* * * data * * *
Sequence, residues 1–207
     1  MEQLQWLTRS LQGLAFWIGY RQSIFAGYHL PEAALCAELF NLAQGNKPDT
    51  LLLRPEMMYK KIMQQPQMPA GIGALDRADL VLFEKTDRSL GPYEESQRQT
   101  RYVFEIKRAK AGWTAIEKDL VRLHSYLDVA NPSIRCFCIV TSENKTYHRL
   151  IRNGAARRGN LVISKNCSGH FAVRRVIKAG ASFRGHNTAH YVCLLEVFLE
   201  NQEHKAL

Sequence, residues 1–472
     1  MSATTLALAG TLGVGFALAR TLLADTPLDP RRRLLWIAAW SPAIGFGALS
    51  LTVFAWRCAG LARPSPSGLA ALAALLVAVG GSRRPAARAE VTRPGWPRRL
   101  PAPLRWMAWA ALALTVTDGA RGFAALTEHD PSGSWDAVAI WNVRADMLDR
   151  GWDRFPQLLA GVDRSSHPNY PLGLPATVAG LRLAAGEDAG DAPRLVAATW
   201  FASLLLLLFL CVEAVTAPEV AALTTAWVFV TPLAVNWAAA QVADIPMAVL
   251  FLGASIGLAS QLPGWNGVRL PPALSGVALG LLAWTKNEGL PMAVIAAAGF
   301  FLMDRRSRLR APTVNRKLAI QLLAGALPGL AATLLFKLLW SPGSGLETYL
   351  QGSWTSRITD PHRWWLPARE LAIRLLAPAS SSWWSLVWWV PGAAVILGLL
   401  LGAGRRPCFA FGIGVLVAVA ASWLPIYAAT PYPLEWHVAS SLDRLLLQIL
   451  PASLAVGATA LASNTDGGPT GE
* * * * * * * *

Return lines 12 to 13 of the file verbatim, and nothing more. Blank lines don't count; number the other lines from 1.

   201  FASLLLLLFL CVEAVTAPEV AALTTAWVFV TPLAVNWAAA QVADIPMAVL
   251  FLGASIGLAS QLPGWNGVRL PPALSGVALG LLAWTKNEGL PMAVIAAAGF